Jobs and schools promise to be top issues in next year’s city elections. The mayor’s education agenda faces its toughest test in the African-American communities that gave him strong support in 2011.
Join the conversation
We encourage our readers to leave comments and engage in dialogue about our stories. But before you do, please check out our "rules of the road."
Recent Notebook Entries
- Defying state, CPS will test just 10 percent of schools
- Take 5: Education assemblies, middle grades to college, Duncan's pro-testing stance
- Take 5: Meeks to head state board, college credit classes, principal autonomy
- Emanuel makes big promises for schools in second term
- Take 5: Rahm's early childhood non-news and competing PARCC letters
Right Now On Notebook
PRESCHOOL - KINDERGARTEN
In the near future, I plan to open a private preschool The class membership, is 12. Staff will consist of one teacher, and one- two teacher aides. Hours are 7:00 A....
In the near future, I plan to open a private preschool The class membership, is 12. Staff will consist of one teacher, and one- two teacher aides. Hours are 7:00 A.M. - 4:00 P.M. Meals , Hot...
Subscribe to catalyst-chicago.org by e-mail
In the News: More opposition to Duncan's reform policies; defending Obama's education agenda
The growing ranks of opposition to Arne Duncan’s education policies can count a new member: Communities for Excellent Public Schools, a nationwide coalition that launched this week.
The growing ranks of opposition to Arne Duncan’s education policies can
count a new member: Communities for Excellent Public Schools, a
nationwide coalition that launched this week.
The group also issued a report, "Our Communities Left Behind: An Analysis of the Administration's School Turnaround Policies," listing schools eligible for turnaround strategies under the federal School Improvement Grants program. A news release from the group called the turnarounds "top-down experiments that disrupt schools and communities."
"You have to give resources to support students and families, and build trust in schools. If you don’t have that, none of your other reforms matter," says Bridget Murphy of Logan Square Neighborhood Organization.
Local member groups will hold a press conference this morning at Mollison Elementary to kick off their efforts. They include Brighton Park Neighborhood Council, Kenwood-Oakland Community Organization, Logan Square Neighborhood Association and Action Now.
"(This is) exciting because the top-down approach to education reform has been very well-organized, very well-funded, and very media-savvy in getting their message out," Murphy says. "With CEPS, you see a serious organized grassroots effort to provide a counter-narrative." (Rebecca Harris, Catalyst)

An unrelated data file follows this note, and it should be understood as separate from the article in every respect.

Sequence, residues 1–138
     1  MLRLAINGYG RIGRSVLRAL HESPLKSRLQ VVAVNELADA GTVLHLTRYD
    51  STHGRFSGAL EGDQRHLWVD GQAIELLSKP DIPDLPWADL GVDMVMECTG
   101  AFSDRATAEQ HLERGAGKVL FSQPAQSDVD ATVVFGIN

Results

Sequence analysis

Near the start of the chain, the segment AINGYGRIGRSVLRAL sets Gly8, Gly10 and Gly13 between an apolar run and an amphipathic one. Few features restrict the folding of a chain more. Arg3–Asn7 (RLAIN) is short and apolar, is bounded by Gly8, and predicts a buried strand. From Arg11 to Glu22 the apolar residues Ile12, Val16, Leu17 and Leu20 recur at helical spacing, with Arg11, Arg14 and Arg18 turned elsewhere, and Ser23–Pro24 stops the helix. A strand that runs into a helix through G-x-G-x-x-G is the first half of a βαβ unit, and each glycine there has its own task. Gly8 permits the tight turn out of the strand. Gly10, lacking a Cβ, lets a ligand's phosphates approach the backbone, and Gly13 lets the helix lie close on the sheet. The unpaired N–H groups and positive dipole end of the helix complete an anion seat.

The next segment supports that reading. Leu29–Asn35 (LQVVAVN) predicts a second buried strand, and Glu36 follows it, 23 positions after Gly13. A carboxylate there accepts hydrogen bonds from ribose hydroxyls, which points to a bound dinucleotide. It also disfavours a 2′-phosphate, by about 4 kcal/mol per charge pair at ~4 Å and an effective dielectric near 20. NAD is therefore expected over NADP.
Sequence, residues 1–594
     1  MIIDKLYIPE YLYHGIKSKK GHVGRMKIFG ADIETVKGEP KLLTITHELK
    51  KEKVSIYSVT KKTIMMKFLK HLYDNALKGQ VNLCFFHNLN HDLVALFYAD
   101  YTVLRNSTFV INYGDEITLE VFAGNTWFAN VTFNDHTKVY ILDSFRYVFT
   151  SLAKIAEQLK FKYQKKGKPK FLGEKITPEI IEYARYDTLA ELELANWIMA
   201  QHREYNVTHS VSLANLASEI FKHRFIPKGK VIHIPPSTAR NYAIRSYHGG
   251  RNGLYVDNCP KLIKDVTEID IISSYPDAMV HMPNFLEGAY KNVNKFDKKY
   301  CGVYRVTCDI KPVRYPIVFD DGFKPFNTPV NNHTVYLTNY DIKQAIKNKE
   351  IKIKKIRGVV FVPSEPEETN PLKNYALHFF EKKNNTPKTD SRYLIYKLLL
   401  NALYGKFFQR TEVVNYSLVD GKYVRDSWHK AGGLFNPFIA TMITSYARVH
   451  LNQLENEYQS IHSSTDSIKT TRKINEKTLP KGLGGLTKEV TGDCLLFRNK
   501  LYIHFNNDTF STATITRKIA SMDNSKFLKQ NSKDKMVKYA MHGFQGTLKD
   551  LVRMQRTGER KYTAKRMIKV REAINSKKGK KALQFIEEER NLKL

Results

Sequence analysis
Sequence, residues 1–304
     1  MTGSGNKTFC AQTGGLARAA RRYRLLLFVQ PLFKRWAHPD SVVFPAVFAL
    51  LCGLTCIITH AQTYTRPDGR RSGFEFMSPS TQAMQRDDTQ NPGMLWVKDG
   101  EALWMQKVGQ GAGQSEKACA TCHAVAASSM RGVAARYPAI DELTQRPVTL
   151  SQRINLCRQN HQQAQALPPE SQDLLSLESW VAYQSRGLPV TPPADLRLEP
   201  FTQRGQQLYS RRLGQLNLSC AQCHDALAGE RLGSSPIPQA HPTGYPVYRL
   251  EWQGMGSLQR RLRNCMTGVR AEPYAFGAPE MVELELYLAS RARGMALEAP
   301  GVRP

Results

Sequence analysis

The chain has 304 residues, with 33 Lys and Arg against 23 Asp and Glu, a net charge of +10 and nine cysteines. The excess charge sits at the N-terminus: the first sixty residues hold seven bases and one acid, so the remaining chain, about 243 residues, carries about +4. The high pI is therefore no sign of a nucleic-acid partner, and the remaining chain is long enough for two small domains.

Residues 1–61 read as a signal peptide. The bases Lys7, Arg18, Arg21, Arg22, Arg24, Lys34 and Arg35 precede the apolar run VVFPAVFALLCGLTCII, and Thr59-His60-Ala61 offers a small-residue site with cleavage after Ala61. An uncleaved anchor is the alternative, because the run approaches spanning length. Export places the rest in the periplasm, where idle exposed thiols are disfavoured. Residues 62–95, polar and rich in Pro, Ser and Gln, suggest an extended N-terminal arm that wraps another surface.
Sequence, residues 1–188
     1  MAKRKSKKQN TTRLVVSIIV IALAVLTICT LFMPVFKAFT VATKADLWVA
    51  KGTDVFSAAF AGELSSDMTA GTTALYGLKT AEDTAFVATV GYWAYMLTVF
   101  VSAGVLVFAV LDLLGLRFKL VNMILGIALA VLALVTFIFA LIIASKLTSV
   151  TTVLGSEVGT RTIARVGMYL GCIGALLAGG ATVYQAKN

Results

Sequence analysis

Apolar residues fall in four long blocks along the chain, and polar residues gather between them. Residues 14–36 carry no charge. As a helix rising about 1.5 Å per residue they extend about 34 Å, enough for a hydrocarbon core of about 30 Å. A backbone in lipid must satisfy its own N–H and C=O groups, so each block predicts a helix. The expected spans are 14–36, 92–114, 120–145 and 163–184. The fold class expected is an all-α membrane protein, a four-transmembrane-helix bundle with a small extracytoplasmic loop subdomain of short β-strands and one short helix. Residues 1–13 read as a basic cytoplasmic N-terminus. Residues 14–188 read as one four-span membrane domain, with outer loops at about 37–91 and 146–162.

The Chicago Board of Education on Wednesday passed a new Student Code of Conduct, making cyber-bullying as serious an offense as burglary, aggravated assault, gang activity, drug use or more traditional forms of bullying. (Sun-Times)
WBEZ has posted unfiltered audio of Chicago Board of Education's regular monthly meeting from Wednesday, July 28.
In the nation
The Center for American Progress Action Fund and the National Center on Time & Learning issued a statement Wednesday applauding the Senate Subcommittee on Labor, Health and Human Services, Education and Related Agencies, or Labor HHS, on fiscal year 2011 appropriations bill that supports extended learning time by boosting funding for the 21st Century Community Learning Centers.
Education Secretary Arne Duncan defended the Obama administration's education reform agenda in a speech before the National Urban League Wednesday. Last week the Urban League joined several other civil rights groups in calling for Duncan to reverse course on Race to the Top, charter schools, and turnaround models for low-performing schools. (Education Week)
During his speech, Duncan also said his department would push for policies promoting equity in the schools for poor and minority students, in particular announcing plans for an Equity and Excellence Commission to promote fiscal equity among schools. The department will publish next week a notice in the Federal Register asking for nominations for the commission. (Education Week)
The New York Times reported on the the considerable cost of turning around a Los Angeles high school: an estimated $15 million over four years, or more than twice the $6 million in federal turnaround money that the Department of Education has set as a cap for any single school.